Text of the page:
Employers always need to be careful when dismissing close to the two year service point (at which point employees will obtain unfair dismissal rights). In reality, due to the operation of statutory notice (1 week for employees with less than two years' service), employees only need to have 1 year and 51 weeks' qualifying service to raise an unfair dismissal claim. This is because, under the Employment Rights Act 1996 (ERA), employees dismissed without having worked any notice are entitled to have their 1 week statutory notice period added to their length of service for the purposes of calculating whether they have the necessary service to raise an unfair dismissal claim.
In Lancaster & Duke Limited v Mrs V Wileman the EAT have considered whether an employee who is summarily dismissed for gross misconduct can still claim a statutory extension of the notice period under the ERA.
Under the ERA the statutory minimum period of notice can be used in certain circumstances to extend employees length of service to enable them to qualify for protection from unfair dismissal. However, section 86(6) states that the section "does not affect the right of either party to a contract of employment to treat the contract as terminable without notice by reason of the conduct of the party".
Ms Wileman had been dismissed for gross misconduct in circumstances that meant she had just short of the necessary two years qualifying service to bring a claim for unfair dismissal. However, she brought a claim arguing that, under the ERA, her length of service was extended by the statutory minimum period which meant she had the requisite service. The Employment Tribunal agreed with her, rejecting the Respondent's argument that her right to rely on the statutory minimum notice entitlement was displaced by virtue of section 86(6). The Tribunal then upheld her unfair dismissal claim.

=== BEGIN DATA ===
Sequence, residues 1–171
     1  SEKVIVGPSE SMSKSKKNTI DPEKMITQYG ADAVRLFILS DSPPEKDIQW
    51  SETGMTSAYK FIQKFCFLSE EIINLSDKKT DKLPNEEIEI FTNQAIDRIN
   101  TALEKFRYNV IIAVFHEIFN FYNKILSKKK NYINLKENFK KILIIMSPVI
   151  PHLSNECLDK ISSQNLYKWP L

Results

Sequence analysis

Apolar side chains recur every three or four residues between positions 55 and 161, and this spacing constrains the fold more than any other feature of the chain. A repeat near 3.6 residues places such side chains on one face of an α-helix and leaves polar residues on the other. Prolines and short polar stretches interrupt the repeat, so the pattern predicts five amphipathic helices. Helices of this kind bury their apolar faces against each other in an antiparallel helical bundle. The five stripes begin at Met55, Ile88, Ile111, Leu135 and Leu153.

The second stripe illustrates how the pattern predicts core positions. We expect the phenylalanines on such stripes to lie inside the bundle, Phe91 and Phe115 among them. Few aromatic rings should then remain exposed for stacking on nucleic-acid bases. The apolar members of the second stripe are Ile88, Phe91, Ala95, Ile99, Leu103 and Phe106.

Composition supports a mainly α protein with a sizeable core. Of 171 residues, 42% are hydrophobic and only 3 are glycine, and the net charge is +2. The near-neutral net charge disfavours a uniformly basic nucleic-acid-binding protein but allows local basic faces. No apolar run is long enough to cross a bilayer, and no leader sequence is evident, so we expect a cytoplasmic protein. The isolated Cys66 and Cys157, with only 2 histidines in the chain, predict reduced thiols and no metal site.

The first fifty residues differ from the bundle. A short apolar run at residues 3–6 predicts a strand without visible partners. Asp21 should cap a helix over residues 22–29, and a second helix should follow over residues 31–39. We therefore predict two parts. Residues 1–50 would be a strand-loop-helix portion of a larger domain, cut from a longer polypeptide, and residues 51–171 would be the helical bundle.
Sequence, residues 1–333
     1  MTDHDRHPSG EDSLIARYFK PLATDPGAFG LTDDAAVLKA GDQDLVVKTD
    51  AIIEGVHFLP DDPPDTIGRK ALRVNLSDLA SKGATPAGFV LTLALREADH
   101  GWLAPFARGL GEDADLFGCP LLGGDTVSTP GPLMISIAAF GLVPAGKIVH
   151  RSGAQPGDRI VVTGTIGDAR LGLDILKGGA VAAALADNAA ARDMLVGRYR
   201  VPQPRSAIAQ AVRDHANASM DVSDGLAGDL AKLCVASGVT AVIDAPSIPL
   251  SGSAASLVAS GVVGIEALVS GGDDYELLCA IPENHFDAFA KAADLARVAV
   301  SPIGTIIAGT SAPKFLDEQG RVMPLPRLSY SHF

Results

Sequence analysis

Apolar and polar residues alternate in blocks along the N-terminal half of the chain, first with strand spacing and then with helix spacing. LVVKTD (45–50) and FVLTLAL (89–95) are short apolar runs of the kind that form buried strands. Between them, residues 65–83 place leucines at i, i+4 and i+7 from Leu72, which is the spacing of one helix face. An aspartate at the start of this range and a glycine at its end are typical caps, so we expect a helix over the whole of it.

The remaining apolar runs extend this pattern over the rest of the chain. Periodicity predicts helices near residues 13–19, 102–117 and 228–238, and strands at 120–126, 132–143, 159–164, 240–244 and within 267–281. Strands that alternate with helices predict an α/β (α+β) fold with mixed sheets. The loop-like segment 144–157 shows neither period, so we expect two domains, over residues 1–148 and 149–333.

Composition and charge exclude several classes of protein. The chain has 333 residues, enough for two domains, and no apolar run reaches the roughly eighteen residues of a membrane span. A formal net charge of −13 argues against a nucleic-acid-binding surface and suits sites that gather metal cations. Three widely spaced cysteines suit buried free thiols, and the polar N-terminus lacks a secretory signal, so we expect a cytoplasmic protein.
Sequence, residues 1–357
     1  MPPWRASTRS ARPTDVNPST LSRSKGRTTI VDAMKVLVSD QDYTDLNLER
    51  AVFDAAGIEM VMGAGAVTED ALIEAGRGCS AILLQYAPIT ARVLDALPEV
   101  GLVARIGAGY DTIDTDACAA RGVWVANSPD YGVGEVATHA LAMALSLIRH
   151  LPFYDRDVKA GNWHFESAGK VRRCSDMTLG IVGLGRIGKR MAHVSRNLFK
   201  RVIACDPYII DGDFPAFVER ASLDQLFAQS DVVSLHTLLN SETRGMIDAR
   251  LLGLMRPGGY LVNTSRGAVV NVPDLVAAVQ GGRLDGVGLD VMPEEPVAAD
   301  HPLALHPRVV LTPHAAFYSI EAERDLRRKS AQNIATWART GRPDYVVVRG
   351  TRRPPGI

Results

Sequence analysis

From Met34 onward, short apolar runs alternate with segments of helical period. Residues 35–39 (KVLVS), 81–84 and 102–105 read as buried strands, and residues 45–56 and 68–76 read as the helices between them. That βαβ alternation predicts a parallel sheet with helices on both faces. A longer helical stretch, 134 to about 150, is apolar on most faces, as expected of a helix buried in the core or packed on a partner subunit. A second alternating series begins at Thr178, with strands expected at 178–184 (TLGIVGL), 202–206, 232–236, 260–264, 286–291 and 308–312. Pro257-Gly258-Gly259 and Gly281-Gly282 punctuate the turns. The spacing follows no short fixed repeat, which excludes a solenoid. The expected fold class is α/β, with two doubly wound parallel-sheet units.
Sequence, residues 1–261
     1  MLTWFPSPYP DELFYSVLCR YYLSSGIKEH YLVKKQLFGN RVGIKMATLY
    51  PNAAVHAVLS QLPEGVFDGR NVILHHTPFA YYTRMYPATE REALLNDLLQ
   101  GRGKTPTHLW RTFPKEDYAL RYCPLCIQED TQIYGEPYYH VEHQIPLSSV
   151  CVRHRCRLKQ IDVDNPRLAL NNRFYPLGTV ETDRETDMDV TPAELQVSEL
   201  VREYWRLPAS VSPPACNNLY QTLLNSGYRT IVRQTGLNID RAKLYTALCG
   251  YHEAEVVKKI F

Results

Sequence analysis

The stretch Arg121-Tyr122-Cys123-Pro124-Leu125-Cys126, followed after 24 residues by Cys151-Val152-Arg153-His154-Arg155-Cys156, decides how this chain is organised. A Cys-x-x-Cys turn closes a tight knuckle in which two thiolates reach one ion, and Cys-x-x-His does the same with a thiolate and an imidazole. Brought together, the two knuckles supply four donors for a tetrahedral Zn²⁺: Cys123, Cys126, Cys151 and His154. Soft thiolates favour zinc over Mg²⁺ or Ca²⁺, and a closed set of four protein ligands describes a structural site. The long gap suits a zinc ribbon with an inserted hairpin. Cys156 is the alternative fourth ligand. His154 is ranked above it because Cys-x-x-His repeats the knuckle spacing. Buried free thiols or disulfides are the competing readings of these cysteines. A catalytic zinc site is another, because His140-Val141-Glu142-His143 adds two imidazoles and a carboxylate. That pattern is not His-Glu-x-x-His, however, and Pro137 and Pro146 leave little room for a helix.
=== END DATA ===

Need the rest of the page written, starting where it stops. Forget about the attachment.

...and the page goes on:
The Respondent appealed. The EAT held that the tribunal had erred in concluding that the minimum statutory notice had to be deemed to be included when calculating length of service for the purposes of qualifying for protection from unfair dismissal. Section 86(6) preserved the right of the parties to terminate without notice. In circumstances where an employee has committed gross misconduct and the employer is therefore entitled to dismiss without notice no statutory notice should be added to length of service. In this particular case, no finding had been made by the tribunal as to whether Ms Wileman had in fact committed gross misconduct so the matter was referred back to the tribunal.
While it would seem logical not to allow employees who have committed gross misconduct to benefit from the addition of the statutory minimum notice to their length of service, it will be of comfort to employers to see the EAT coming to this conclusion.